When the Penguins and Flyers resume the Commonwealth Cold War in Philadelphia on Thursday night, it’ll be the definitive case of two foes headed in opposite directions. While the Pens have zoomed to the top of the Metropolitan Division, the Flyers are off to a ghastly 1-6 start.
Indeed, the Pens are firing on all cylinders while Philadelphia seems to be imploding. In a move that smacked of desperation, Philly GM Paul Holmgren fired highly respected coach Peter Laviolette after three games. The team’s big off-season addition, Vincent Lecavalier, is on the disabled list, joining noted Penguin-killer and all-around villain Scott Hartnell. Claude Giroux, who looked like the heir apparent to succeed Sidney Crosby as the game’s top player a couple of seasons ago, has two lone assists.
So why am I worried? Given the riveting intensity of the rivalry, there’s tremendous potential for mayhem. No stranger to goon-squad tactics, new Flyers coach Craig Berube terrorized the black and gold during his playing days. Philly is one of the few clubs to routinely dress an enforcer (Jay Rosehill), not to mention a feisty hatchet man (Zac Rinaldo). Luke Schenn and Wayne Simmonds aren’t exactly shrinking violets, either.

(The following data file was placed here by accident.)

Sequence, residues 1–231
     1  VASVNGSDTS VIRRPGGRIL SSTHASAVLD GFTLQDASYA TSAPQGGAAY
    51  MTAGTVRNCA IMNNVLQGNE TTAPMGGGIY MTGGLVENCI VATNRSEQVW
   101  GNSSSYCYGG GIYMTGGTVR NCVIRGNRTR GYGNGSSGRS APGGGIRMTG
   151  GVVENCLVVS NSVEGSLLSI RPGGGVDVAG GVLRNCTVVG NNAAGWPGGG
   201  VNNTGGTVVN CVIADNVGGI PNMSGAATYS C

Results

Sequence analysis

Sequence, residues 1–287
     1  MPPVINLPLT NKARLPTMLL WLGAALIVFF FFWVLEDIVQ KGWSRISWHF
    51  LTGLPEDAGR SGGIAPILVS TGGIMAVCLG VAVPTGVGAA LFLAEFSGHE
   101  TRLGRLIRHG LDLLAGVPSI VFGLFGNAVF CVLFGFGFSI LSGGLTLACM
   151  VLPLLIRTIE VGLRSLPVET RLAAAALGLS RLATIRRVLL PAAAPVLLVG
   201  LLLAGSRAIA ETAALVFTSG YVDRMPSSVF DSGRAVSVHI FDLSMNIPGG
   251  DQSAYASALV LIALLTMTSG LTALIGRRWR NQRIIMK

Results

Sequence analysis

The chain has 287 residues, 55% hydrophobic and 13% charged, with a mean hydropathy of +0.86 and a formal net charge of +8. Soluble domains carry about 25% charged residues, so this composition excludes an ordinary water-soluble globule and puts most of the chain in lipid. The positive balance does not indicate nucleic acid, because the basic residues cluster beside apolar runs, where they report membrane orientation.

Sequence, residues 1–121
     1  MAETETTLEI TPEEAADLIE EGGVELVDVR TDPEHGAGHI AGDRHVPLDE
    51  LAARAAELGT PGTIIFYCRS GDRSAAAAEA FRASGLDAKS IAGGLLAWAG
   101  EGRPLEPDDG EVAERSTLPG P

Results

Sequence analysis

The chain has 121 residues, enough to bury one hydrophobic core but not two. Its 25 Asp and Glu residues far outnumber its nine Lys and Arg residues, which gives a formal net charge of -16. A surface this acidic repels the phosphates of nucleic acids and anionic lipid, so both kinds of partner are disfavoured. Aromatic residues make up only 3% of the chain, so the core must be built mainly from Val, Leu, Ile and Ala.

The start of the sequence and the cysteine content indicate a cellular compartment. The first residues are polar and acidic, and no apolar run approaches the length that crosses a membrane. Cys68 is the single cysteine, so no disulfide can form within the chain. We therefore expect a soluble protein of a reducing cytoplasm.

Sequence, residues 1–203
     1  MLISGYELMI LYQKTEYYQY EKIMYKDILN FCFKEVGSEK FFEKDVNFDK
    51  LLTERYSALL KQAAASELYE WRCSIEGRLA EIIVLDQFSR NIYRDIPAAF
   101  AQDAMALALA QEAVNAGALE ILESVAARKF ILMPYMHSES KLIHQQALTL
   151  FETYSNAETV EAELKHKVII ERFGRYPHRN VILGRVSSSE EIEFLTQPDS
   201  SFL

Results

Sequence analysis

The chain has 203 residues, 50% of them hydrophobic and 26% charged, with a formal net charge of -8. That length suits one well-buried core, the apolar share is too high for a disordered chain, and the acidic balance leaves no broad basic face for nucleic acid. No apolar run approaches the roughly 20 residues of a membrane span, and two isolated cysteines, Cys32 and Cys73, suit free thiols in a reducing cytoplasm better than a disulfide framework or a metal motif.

This isn’t to suggest the Penguins aren’t capable of standing up for themselves. To the contrary, Deryk Engelland, Tanner Glass, and Joe Vitale all are energetic and capable fighters. Heck, even Evgeni Malkin can throw ‘em pretty fair.
My concern lies in what happens if the game gets out of hand on the scoreboard. If the Pens grab a big lead, will Rinaldo be tempted to retaliate with a well-placed elbow to Sid’s recently mended jaw or a wayward slash to Geno’s hands? Heaven forbid we lose to the Flyers and breathe new life into our hated adversary.
Hopefully, my fears will prove unfounded and our boys will keep on rolling. However, when it’s the Pens versus the Flyers you just never know.